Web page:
Joe Dye Culik
Three Defenses That Franchisees Have If Their Franchisor Sues Them
Abraham Lincoln said that you can’t please all the people all the time. This is no less true in the franchisor-franchisee relationship than it is anywhere else. Most of the time, with good faith, discussion, and negotiation, disagreements can be resolved. (In fact, our office’s main goal in any dispute is to minimize disruptions to our clients’ businesses.)
Sometimes, though, a disagreement is intractable and can only be resolved through the legal system: through the courts, or sometimes through arbitration.
As every franchisee knows, franchise agreements are one-sided. Many franchise-agreement provisions strongly favor the franchisor. So franchisees worry, justifiably, that it might not end well for them given the seemingly endless resources of the franchisor.
Fear not – there are three of common defenses that franchisees can use to even the score. You can’t use all these defenses all the time, but in our experience, they are unused by franchisees more than they are used.
The first defense that franchisees can use in disputes with franchisors is breach of contract. Under North Carolina law, if a party to an agreement breaches it, the other party is no longer obligated to keep their own promises under it.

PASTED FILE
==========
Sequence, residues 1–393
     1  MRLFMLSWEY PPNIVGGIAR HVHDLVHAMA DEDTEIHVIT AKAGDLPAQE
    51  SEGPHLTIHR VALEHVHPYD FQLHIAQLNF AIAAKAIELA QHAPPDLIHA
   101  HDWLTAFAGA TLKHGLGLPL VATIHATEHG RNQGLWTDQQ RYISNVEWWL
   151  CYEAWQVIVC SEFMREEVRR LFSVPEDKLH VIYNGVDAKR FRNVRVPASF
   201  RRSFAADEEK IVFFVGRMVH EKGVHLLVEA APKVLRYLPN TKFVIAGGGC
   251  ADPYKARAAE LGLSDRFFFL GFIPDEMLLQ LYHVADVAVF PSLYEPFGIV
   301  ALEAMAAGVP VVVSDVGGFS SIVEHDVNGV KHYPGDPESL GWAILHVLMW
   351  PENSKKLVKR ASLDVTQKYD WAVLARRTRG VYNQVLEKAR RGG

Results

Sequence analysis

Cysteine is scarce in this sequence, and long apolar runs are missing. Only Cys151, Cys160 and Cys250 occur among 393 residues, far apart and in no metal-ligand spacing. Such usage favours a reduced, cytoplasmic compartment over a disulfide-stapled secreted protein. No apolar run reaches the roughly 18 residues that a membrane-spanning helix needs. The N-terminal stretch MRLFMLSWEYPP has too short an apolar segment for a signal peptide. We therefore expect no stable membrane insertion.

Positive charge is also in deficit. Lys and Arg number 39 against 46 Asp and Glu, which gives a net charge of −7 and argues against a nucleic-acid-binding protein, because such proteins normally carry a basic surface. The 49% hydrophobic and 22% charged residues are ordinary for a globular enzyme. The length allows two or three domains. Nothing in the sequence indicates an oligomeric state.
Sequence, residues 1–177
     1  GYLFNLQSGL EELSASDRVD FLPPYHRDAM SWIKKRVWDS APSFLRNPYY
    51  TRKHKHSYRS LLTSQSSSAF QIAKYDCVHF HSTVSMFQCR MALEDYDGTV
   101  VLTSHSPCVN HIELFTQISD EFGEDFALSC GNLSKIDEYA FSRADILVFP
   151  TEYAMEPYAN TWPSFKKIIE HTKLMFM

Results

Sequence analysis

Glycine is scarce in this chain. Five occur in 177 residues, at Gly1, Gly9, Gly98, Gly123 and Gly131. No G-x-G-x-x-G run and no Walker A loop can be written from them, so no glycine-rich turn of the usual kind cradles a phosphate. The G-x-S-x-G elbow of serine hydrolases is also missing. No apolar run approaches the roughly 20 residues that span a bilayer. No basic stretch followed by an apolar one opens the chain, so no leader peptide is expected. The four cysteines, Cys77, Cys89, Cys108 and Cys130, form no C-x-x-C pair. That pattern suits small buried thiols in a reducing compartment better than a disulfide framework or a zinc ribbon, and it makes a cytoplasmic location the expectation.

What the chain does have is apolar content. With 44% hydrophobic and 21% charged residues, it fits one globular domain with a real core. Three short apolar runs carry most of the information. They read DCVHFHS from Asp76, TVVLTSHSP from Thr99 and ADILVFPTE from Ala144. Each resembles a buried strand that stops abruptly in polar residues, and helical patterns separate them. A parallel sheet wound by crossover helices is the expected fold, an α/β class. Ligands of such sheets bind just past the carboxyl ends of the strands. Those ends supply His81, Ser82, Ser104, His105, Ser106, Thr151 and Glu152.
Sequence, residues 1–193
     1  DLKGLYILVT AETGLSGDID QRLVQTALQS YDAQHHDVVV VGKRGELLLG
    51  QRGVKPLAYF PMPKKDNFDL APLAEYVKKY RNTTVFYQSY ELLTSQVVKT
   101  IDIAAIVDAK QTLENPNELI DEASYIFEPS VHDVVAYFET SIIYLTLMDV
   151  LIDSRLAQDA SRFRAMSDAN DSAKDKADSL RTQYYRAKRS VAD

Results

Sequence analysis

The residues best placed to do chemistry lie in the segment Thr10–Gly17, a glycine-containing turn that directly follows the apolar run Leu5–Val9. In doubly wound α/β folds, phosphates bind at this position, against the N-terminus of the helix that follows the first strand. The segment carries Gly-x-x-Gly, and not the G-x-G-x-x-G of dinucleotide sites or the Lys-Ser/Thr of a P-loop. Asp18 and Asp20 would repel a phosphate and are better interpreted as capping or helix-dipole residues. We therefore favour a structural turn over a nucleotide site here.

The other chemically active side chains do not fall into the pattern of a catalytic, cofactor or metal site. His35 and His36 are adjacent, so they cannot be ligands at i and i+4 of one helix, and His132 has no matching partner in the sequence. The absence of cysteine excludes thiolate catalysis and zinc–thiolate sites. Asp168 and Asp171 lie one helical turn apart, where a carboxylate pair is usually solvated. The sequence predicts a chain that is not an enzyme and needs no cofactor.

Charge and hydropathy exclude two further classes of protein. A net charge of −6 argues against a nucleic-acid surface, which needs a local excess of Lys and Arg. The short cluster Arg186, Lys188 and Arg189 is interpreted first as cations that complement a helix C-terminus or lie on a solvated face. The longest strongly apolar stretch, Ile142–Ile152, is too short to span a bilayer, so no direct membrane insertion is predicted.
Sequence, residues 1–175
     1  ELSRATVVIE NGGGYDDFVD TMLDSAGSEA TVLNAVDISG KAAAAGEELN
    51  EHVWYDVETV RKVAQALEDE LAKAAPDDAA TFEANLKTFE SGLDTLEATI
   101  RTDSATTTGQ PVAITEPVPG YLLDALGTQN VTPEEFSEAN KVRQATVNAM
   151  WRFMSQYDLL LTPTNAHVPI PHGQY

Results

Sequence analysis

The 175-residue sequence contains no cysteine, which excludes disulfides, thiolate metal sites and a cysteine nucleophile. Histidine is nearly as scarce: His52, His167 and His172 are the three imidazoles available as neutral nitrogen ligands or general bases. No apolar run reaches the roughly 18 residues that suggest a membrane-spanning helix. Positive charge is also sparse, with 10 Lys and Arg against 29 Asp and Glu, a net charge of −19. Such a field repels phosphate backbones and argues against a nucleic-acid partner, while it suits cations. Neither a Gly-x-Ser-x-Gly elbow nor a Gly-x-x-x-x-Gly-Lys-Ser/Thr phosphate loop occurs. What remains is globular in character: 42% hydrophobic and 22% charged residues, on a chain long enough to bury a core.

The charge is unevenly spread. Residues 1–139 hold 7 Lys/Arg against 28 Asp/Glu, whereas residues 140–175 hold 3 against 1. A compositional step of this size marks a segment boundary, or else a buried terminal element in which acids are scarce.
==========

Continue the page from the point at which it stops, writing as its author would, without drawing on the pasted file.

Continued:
In the franchise context, if the franchisor itself broke the agreement before the franchisee did, this may provide a defense against the franchisor. Franchise agreements are long and complicated, and it is just as easy for a franchisor to breach its own agreement as it is for the franchisee. A franchisee should seek a thorough and competent review of their franchise agreement to see whether the franchisor itself is in breach.
The second defense that franchisees can use in disputes with franchisors is violation of guidelines issued by the Federal Trade Commission. Franchises are heavily regulated by the federal government. Some of these regulations are published in the Code of Federal Regulations at 16 CFR 436. The regulations’ requirements are too numerous to list here, but violation of some of them may give a franchisee a claim against its franchisor under the North Carolina Unfair and Deceptive Trade Practices Act, N.C.G.S. § 75-1.1. A violation may even permit a franchisee to avoid the franchise agreement altogether. Whether there is a violation is a complex issue and should be reviewed by a legal representative.
Finally, the third defense that franchisees can use, is misrepresentations made by the franchisor during the purchase of the franchise. Unfortunately, franchisors sometimes make unsupportable, or even untrue, statements to induce the franchisee to enter into an agreement. North Carolina law says that if you enter into an agreement because of statements the other party made that the other party knew or should have known were false, the agreement may sometimes be invalidated.
As you can see from the foregoing, the relationship between a franchisor and franchisee is a complex one and is governed by an array of laws and regulations. Many franchisees are unaware of their rights against their franchisors, and thus miss out on opportunities to even the playing field.
DYE CULIK PC is a Charlotte, North Carolina business and franchise law firm that represents entrepreneurs throughout the Old North State. If you have an issue with your franchisor, contact us at 980-999-3557 to see how we can help.